Morgan Stanley is reshuffling its investment-grade and emerging market credit derivatives trading teams to meet increasing volumes and better grasp a deteriorating credit environment. Robert Breden, who had run the synthetic emerging market book from London, is in the process of moving to Tokyo where he will be co-head of Japanese and Asian credit derivatives trading with Richard Thomas. Nick Riley, who had been head of credit derivatives trading for Europe, Middle East & Africa in London, said he starts this week in Breden's old role, but will be based in New York. Breden and Thomas were out of the office and unavailable for comment.
"This is a pretty big restructuring," Riley said, adding the firm is moving some of its more senior credit derivatives pros into the investment-grade side as it is expanding quickest. Plus, traders who have experience with emerging market credits are well-equipped in a deteriorating credit environment, he said. "They're used to trading more volatile credits that are closer to default."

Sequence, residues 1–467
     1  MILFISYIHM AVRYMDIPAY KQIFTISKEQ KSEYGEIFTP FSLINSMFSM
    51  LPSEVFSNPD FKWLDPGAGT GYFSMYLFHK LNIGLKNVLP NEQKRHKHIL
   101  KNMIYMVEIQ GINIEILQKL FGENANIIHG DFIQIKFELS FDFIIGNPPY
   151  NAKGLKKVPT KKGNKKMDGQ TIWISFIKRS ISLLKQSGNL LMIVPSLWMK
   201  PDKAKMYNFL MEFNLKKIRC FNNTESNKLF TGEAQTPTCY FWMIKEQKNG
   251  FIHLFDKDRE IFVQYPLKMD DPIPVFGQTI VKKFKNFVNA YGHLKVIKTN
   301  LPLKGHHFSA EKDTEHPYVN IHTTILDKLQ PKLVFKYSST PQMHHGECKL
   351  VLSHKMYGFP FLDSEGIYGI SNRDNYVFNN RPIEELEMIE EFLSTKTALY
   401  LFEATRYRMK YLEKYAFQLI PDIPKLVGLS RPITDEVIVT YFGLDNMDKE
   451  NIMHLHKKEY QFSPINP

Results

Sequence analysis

Riley will also run the Latin American credit derivatives trading effort, which he will take over from Srini Dhulipala, who starts this week as a trader on the firm's U.S. investment-grade desk, specializing in technology and telecom names. Dhulipala said he is looking forward to the move because the corporate default swap market is more liquid than the Latin American sovereign synthetic market. "I am moving from a world which is a little more illiquid to a world where credit derivatives are truly an alternative to cash markets for expressing credit views," he said.